Generic JDBC X/Y Database Table

Example

Named table resources can point to a generic XY table in a JDBC datasource. This is an example of a named table definition for a database table with X/Y geometry columns. This uses the DBDataSourceMetadata element to specify the X and Y geometry columns defined in the database table. The X/Y database table is not expected to have a geometry column.

In this example, the database connection definition to a X/Y table in Oracle is defined using the following tokens. The connection could also be defined as a named connection instead of inline.

It defines a DBDataSourceMetadata element indicating the name of the geometry X and Y columns.


<?xml version="1.0" encoding="UTF-8"?>
<NamedDataSourceDefinition version="MXP_WorkSpace_1_5">
	<DBConnection dbType="oracle">
        <ConnectionName>/myOracleConnection</ConnectionName>
        <JDBCDriverParameters>
            <JDBCUrl>jdbc:oracle:thin:scott/tiger@localhost:1521:MyDB</JDBCUrl>
            <DriverPropertySet>
                <Property name="user" value="scott"></Property>
                <Property name="password" value="tiger"></Property>
            </DriverPropertySet>
        </JDBCDriverParameters>
    </DBConnection>
	<DataSourceDefinitionSet>
		<DBDataSourceDefinition id="ora1">
			<DataSourceName>oracle1</DataSourceName>
			<DBTable owner="@owner@" useQuotes="true">table1</DBTable>
			<DBDataSourceMetadata>
				<FeatureXYAttributes srsName="@srsname@">
					<XAttribute>@x_attribute@</XAttribute>
					<YAttribute>@y_attribute@</YAttribute>
				</FeatureXYAttributes>
			</DBDataSourceMetadata>        
		</DBDataSourceDefinition>
	</DataSourceDefinitionSet>
	<DataSourceRef ref="ora1"/>
</NamedDataSourceDefinition>

			

Style an X/Y Table

In the X/Y table, it is also possible to add a style to the X/Y table features, either by specifying an existing style column in the table, or define an inline style in the named table.

If the X/Y table has a column which contains the styles per row, it can be used by adding a FeatureStyleAttribute element to the DBDataSourceMetadata element. In the X/Y table example, you would add the FeatureStyleAttribute to the DBDataSourceMetadata, where: @STYLE_ATTRIBUTE@ is the name of the column containing the per row style for the feature.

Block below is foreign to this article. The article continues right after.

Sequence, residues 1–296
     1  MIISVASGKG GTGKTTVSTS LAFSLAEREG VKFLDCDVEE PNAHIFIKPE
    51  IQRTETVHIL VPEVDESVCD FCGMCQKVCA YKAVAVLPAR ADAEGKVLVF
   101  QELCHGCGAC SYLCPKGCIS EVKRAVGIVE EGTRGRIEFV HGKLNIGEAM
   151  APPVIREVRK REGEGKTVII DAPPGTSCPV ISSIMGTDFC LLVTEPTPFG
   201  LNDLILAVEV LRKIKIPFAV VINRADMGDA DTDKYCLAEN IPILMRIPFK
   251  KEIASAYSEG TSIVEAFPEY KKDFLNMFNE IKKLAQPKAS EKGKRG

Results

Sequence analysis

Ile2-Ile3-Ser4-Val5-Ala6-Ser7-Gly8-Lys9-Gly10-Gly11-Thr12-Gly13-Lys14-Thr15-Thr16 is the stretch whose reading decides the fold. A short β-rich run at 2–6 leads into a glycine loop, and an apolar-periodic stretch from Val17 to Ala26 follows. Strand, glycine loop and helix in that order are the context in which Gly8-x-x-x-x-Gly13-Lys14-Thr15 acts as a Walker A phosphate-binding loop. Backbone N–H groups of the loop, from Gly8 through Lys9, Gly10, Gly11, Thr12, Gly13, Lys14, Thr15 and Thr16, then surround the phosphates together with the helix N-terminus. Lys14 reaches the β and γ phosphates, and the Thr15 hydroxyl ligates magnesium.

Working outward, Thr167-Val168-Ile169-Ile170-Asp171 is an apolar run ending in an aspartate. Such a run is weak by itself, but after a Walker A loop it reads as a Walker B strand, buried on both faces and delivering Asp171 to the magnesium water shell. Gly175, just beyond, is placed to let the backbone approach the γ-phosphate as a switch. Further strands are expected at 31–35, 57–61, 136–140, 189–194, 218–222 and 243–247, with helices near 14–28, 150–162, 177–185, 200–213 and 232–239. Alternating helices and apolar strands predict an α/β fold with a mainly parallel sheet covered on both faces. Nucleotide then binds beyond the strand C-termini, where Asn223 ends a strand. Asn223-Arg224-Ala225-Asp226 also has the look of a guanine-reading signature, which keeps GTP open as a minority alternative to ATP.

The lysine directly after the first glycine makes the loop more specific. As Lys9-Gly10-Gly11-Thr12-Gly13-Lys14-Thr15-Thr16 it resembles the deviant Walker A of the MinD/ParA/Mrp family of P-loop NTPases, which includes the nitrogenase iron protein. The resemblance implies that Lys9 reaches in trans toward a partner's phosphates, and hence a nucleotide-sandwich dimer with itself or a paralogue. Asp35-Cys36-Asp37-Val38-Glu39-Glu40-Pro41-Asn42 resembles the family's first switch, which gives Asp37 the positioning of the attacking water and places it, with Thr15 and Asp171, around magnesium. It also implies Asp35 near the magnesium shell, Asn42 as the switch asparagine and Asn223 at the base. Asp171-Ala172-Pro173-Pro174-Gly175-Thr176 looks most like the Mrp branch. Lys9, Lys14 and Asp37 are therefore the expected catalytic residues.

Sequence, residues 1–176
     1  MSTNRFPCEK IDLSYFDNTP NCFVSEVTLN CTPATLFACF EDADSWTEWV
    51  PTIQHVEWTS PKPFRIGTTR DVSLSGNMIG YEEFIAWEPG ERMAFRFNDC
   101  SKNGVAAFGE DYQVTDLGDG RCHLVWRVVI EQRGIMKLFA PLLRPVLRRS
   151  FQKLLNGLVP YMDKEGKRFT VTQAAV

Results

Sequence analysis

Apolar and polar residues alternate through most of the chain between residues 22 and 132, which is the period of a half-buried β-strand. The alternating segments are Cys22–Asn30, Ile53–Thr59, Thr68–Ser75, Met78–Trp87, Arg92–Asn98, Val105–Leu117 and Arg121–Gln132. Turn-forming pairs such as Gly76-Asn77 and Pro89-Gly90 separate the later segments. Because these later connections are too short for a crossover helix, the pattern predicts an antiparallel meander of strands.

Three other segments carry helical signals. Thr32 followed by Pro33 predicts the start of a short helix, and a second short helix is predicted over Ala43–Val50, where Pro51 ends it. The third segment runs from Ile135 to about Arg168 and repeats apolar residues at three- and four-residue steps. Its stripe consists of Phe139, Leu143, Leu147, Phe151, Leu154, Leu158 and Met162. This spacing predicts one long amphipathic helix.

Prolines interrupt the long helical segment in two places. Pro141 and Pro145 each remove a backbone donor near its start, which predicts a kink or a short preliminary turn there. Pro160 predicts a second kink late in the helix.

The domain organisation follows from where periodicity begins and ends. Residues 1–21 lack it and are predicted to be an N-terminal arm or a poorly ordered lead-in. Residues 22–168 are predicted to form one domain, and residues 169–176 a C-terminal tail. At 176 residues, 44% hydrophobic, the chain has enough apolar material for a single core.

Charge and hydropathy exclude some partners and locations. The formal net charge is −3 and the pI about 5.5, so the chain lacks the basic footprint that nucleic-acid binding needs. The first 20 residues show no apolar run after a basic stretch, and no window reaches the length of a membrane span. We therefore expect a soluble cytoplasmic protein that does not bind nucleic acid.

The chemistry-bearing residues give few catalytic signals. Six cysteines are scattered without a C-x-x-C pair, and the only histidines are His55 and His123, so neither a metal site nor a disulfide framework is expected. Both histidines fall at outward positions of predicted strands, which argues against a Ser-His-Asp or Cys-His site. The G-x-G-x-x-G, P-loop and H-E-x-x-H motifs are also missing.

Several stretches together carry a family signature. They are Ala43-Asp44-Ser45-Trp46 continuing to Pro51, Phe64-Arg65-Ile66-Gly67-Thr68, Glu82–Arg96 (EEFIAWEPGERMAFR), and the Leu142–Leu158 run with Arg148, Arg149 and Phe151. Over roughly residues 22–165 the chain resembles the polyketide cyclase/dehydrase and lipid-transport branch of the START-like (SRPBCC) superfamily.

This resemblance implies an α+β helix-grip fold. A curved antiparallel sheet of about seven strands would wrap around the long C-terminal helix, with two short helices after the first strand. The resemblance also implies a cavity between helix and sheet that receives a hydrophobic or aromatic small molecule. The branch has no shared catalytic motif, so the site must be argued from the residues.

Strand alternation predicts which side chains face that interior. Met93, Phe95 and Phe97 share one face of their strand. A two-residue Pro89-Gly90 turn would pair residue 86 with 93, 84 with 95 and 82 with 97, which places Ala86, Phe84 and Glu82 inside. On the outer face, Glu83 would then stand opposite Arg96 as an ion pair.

<DBDataSourceMetadata>
	<FeatureXYAttributes srsName="@srsName@">
		<XAttribute>@X_ATTRIBUTE@</XAttribute>
		<YAttribute>@Y_ATTRIBUTE@</YAttribute>
	</FeatureXYAttributes>
	<FeatureStyleAttribute type="mapbasic">@STYLE_ATTRIBUTE@</FeatureStyleAttribute>
</DBDataSourceMetadata>


			

If the X/Y table does not have a column that contains the styles per row, you can use an inline style definition by adding a FeatureStyle element to the DBDataSourceMetadata element. You can use any type of supported FeatureStyle for the X/Y table. For example, you could add a PointStyle to the X/Y feature attributes, where:


<DBDataSourceMetadata>
	<FeatureXYAttributes srsName="@srsName@">
		<XAttribute>@X_ATTRIBUTE@</XAttribute>
		<YAttribute>@Y_ATTRIBUTE@</YAttribute>
	</FeatureXYAttributes>
	<FeatureStyle>
		<PointStyle>
			<FontSymbol family="@font_name@" size="@font_size@" size-unit="@size_unit@" stroke="@stroke@" stroke-opacity="@opacity@" text="@font_char@"/>
		</PointStyle>
	</FeatureStyle>
</DBDataSourceMetadata>